Fixing a water leak in a Maytag side-by-side fridge/freezer

by Jim Cho 26. September 2010 09:46

For several weeks, there had been ice accumulating at the bottom of the freezer side of our Maytag side-by-side refrigerator.  This required the occasional task of breaking up and disposing of the ice at the bottom of the freezer.  Once, I left it so long that it froze the bottom removable rack, requiring a lengthy chiseling operation to break it free.  It was time for a permanent fix. 

Luckily, this appears to be a common problem.  A quick Google search revealed that it was likely a clogged drain.  My first thought was “What! My fridge has a drain???”.  Sure enough, it does.  Though it isn’t like the drain in your kitchen sink or dishwasher.

In order to see what this drain looked like, I pulled out the fridge and opened up the back.


I used a small ratchet and mini socket to remove all the screws.


Looks like it could use a good cleaning.


Here is the location of the actual drain from the freezer. Notice that it takes an immediate 90 degree bend, so don't try unclogging it by jamming a sharp object down the drain. You'll end up punching a hole in your drain line.


This is the other side of that drain tube.  It actually drains to a little moat-like collection container which surrounds the fridge motor.  So the entire process is like a miniature eco-system. Warm air is cooled in the freezer, causing the moisture to condense into water, which drains to this collection chamber where the heat from the motor evaporates the water.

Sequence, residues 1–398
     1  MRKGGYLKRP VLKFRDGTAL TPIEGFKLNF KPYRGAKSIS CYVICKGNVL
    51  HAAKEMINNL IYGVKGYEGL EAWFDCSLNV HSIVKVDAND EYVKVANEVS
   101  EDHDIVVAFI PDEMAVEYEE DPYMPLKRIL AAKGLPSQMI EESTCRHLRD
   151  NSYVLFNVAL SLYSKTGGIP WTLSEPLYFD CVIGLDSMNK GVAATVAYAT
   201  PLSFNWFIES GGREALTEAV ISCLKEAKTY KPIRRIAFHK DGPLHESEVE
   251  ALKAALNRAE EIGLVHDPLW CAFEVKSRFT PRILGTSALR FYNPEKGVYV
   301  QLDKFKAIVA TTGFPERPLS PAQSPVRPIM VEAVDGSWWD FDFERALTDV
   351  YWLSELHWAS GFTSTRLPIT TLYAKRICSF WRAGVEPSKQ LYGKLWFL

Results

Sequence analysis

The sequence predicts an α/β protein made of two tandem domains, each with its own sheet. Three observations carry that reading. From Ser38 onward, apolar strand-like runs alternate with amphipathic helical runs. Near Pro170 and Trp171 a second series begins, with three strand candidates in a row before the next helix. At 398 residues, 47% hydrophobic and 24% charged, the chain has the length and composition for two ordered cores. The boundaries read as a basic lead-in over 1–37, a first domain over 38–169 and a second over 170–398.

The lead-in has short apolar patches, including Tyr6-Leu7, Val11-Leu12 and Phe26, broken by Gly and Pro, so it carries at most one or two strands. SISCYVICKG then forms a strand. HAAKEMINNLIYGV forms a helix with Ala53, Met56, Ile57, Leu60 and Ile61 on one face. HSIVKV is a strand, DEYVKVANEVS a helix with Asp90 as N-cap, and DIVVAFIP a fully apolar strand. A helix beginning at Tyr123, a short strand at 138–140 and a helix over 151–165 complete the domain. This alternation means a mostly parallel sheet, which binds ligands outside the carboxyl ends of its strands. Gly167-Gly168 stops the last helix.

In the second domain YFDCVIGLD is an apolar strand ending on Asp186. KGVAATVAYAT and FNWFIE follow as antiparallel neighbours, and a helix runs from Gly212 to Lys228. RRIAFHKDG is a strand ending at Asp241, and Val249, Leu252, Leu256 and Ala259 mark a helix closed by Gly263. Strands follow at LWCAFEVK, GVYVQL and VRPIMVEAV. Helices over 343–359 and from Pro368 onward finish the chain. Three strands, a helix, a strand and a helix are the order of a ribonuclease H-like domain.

So on to the repair:  First, turn off the fridge and clear out  the freezer.  If you don’t have another freezer, you’ll need to pack it into coolers.

There are 2 screws which I removed with the same ratchet and socket that I used for the back of the fridge.  With the screws removed, pull back the top panel just enough to release the bottom panel. Then pull the panel upward to remove.


Here is a close-up of the clogged frozen drain.


Now, it’s just a matter of breaking up the ice, and ensuring that the drain is clear by running hot water through it.

After you have cleared the drain, re-assemble and turn the fridge back on.  All should be back to normal now.


After having to do this repair a second time, I took a closer look at the drain hose at the back of the fridge.


Notice that the horizontal portion of the hose is fastened to the top, forcing the water to travel slightly upward. Well, water doesn't tend to flow upward very easily. As a result, the water will pool inside the hose and eventually backlog into the freezer.

To remedy this situation, unscrew the fastener for the hose, then cut of the bottom inch or so off the end of the hose with a pair of garden snips. Then just let it hang as in this photo or secure it with some duct tape. Resist screwing it into the side of the fridge as you're likely to put a hole in the produce section of the fridge.


Also, use a q-tip to remove any debris that may have accumulated in the drain hole. When pouring water down the drain, it should flow unimpeded. Be careful not to overflow your water collection pan. If you pour more than a couple cups of water down the drain, you should collect it by soaking it up with a chamois or "ShamWow" at the back of the fridge.

Hopefully, this will prevent having to do this repair in the future.

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Household repairs

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